Well presented (even with some unexpected slides!) and a few special nuggets you have to take note of in Tim’s slideshare, I certainly recommend you look at slides 9, 11, 24, 25 and mine that info to develop your own thoughts ūüôā

Key takeaway: Good SEO is marketing, not manipulation of Search Engines.

Ade Lewis, Teapot Creative, WTF is SEO?

 

I guess after seeing Ade present well at LinkLove I was expecting far more but I have been administering SEO to sites since 2001 so it might just be I’ve been around longer than most… plus I am just not a fan of swearing in presentations. Seriously folks do you do this in your pitches to clients?! If the answer is no then why is it acceptable to do this whilst speaking at presentations?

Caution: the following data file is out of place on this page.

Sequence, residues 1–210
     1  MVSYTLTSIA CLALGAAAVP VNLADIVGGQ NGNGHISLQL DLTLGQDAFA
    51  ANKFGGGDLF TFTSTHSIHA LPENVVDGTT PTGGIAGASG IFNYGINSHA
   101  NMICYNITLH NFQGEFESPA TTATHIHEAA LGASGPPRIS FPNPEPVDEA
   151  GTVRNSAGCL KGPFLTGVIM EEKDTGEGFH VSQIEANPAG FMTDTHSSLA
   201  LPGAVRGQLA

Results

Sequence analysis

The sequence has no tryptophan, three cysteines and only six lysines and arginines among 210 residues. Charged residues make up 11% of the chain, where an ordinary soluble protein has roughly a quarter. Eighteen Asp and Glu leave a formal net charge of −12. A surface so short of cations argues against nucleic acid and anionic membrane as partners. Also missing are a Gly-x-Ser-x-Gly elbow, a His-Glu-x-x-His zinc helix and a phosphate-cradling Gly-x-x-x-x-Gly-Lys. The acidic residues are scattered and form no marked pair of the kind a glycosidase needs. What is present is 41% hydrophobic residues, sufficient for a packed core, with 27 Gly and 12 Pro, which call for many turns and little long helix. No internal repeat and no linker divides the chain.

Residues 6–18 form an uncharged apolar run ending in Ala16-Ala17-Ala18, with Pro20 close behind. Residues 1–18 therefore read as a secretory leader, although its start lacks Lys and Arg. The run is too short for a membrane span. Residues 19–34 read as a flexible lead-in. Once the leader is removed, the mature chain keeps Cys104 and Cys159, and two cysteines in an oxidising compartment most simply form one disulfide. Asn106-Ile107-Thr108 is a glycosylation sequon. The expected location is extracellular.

Key takeaway: It’s about optimising your business so that it DESERVES to appear at the top of the search engine rankings.

Pete Wailes, SEOGadget, The Link is Dead, Long Live the Link

 

I did get to ask Pete how much fun was it working on the Ann Summers account, which got a laugh from the audience and to his credit he gave a very good answer connected in detail to his presentation.

Key takeaway: Find the target audience, understand the brand, connect the two.

So after the break (which raced by) I headed over to the Brighton Dome Concert Hall for the second morning session to take us up to lunch.

Hannah Smith, Distilled, Go BIG or Go HOME

 

My team members really found Hannah’s presentation highly useful, I was certain I had seen this at LinkLove the previous month but good none the less. Still one to miss at your peril in my opinion especially if you are fed up of creating small safe content.

Key takeaway: Investing in BIG content is a major gamble, but get it right and the payout is massive.

Geoff White, Channel 4 News, How to Pitch to Journalists